The situation on the Korean Peninsula demonstrates why the United States does not and cannot make its nuclear policy in a vacuum. Nor should American nuclear policy orient itself around the ossified Cold War framework which largely took only Russia into account. Soaring rhetoric about nuclear zero from President Obama, negotiating New START, further talk of unilateral drawdowns, a Nuclear Posture Review with the stated goal of moving away from reliance on nuclear weapons, an ever-worsening fiscal picture, and deep cuts to the defense budget – all of these at least raise the question of whether the U.S. guarantee of security under its nuclear umbrella is waning. U.S. allies and enemies alike must surely wonder: what would further cuts in the American nuclear arsenal mean? Would the U. S. have either the will or the capability to respond to a regional crisis?
While South Korea is the most likely state that could next seek nukes, it is by no means the only country that would be impacted be a perceived shrinking of the American nuclear umbrella. Indeed, South Korean efforts to re-start a nuclear program would have a significant impact on Japanese thinking. The same is true in the Middle East, where the development of an uncontested Iranian nuclear weapons program would trigger similar questions about American security guarantees among other American allies.
Countries seek various methods to compensate for adversaries with larger militaries or nuclear weapons: Alliances or developing their own nuclear weapons. If the US is not going to be there then our allies will seek other methods of compensation such as building their own nuclear weapons.
Obama is really pushing strategic instability by eliminating US nuclear weapons. Doing this at the same time the US has gone into decline is extremely dangerous. This is the age of upheaval.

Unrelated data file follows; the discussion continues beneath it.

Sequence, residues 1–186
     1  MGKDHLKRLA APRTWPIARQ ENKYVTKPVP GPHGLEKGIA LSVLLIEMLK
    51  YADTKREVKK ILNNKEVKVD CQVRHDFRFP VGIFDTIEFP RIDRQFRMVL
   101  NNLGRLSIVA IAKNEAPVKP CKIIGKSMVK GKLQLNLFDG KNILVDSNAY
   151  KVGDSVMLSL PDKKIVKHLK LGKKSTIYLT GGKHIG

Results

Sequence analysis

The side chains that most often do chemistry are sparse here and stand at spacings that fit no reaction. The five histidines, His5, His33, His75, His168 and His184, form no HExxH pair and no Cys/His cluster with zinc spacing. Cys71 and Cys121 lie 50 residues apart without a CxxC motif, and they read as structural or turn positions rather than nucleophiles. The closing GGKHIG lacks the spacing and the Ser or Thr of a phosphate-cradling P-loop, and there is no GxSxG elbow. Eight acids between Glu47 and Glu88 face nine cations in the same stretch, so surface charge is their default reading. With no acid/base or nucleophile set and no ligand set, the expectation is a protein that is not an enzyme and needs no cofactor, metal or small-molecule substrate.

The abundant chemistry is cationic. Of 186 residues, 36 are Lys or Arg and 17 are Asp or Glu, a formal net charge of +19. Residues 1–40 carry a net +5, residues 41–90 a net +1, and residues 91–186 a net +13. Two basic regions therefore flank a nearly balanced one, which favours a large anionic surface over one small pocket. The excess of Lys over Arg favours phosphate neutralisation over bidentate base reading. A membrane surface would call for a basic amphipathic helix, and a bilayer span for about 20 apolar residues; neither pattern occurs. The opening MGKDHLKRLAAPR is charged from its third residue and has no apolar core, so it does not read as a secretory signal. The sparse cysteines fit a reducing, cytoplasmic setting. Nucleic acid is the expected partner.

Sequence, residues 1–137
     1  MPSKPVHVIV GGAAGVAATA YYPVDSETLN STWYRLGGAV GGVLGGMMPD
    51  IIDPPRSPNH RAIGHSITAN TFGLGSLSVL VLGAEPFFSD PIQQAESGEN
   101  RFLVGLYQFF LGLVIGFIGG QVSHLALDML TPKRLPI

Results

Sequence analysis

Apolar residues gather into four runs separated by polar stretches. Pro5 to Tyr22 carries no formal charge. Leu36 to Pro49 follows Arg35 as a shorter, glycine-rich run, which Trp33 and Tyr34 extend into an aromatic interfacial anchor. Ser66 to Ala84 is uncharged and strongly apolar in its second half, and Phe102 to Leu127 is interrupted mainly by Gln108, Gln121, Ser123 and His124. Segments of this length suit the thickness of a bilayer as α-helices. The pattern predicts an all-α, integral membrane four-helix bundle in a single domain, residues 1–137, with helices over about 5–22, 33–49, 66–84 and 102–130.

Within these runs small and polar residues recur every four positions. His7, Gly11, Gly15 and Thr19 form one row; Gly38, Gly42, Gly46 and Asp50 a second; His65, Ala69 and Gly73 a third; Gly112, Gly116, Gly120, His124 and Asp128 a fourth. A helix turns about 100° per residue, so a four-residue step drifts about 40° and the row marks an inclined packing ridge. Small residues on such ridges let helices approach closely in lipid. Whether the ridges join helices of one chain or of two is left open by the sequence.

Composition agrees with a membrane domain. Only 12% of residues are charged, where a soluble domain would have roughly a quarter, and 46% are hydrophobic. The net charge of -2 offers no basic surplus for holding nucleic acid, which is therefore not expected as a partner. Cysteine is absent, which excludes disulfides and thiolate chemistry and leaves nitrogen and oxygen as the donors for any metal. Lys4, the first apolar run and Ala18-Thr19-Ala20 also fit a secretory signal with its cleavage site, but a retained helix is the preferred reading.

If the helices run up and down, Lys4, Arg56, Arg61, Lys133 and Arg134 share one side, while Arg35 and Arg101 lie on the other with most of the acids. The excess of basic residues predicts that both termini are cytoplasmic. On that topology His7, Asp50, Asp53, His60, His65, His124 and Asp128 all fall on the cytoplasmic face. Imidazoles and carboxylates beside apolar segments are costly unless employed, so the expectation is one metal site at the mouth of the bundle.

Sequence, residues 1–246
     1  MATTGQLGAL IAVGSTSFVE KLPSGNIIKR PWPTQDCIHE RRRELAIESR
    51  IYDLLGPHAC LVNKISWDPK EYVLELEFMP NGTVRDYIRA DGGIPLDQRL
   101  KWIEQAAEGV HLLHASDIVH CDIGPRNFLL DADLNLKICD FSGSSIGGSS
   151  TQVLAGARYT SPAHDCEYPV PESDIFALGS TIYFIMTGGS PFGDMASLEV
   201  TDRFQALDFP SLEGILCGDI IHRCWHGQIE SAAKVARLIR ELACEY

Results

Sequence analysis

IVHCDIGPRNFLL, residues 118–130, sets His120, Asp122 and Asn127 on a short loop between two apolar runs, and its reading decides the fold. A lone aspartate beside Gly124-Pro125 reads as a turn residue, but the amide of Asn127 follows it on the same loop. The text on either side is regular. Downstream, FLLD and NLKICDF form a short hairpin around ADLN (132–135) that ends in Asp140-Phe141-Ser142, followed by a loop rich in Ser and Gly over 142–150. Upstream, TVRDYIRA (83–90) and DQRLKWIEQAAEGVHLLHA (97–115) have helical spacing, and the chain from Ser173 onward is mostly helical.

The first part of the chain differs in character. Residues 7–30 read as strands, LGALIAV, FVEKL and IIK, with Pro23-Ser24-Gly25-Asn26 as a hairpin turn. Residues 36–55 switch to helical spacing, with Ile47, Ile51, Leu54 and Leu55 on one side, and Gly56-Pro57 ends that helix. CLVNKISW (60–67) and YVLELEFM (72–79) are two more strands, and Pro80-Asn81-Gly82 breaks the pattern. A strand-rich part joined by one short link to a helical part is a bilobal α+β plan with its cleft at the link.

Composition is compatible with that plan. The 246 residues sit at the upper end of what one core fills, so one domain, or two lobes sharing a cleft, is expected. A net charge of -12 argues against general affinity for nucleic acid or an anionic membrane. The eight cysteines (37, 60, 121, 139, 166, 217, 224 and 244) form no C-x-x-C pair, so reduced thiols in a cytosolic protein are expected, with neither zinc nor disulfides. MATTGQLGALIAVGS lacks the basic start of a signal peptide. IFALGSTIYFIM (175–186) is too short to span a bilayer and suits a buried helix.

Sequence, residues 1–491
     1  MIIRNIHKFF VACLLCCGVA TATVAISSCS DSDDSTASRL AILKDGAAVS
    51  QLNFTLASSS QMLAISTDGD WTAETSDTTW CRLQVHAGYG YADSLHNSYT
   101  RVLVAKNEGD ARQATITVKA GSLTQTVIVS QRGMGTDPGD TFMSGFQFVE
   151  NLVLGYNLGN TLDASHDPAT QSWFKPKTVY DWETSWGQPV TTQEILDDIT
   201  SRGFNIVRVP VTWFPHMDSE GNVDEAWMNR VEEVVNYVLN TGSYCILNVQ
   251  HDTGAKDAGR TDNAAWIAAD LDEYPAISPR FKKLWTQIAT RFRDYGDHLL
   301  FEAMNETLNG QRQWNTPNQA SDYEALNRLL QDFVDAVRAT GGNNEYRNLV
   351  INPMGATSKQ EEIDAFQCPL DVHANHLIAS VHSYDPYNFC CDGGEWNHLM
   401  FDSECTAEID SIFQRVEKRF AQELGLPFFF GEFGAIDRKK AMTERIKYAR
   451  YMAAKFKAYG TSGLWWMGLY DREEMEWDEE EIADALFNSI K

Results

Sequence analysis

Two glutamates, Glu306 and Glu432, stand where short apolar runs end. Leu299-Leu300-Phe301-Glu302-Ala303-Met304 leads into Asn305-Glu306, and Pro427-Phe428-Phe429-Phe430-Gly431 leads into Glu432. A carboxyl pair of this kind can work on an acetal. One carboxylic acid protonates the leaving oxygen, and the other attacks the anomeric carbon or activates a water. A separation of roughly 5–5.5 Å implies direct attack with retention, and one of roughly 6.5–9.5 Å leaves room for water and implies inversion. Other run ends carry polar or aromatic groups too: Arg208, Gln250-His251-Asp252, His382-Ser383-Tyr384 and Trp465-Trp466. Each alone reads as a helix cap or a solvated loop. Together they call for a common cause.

The fact that conventional military power is the strongest factor driving nuclear proliferation should guide how we think about proliferation threats in the future. For instance, if Iran acquires nuclear weapons, its neighbors will be unlikely to follow suit. Not only do these states lack the necessary technical capacity, but they have little to fear from Iran’s nearly non-existent power projection capabilities.
On the other hand, the rise in China’s conventional military strength makes it likely that Eastern Asia will be the region where the most potent proliferation risks emanate from. Countries with territorial disputes with China—first and foremost, Japan— will have the strongest motivation to build the bomb. Unfortunately, for non-proliferation advocates, many of China’s neighbors—including Japan and South Korea— already have robust civilian nuclear programs. This breakout capability will only make it more tempting for policymakers to order a mad dash for the bomb.
A turn in that direction could help with all three “revival” goals. Dictators from Stalin to South Korea’s Park Chung-hee have managed to wrench their nations from abject poverty to mid-level industrialization, but further growth — escape from the “middle-income trap” that worries many Chinese officials — almost always is accompanied by political liberalization.
An independent judiciary would tame corruption more effectively than periodic purges and Communist Party disciplinary campaigns. And China would win more friends abroad, and drive fewer neighbors into the shelter of U.S. alliance, by respecting international norms than through bullying.
Alas, there is little evidence so far that Xi is tempted in the direction of constitutionalism. While he has, like past leaders, mentioned democracy as an eventual goal, he also has said, “The Chinese dream is an ideal. Communists should have a higher ideal, and that is communism.” When the People’s Daily posted an online survey about the “Chinese dream,” about 80 percent of respondents said they did not support one-party rule — and the survey was quickly taken down.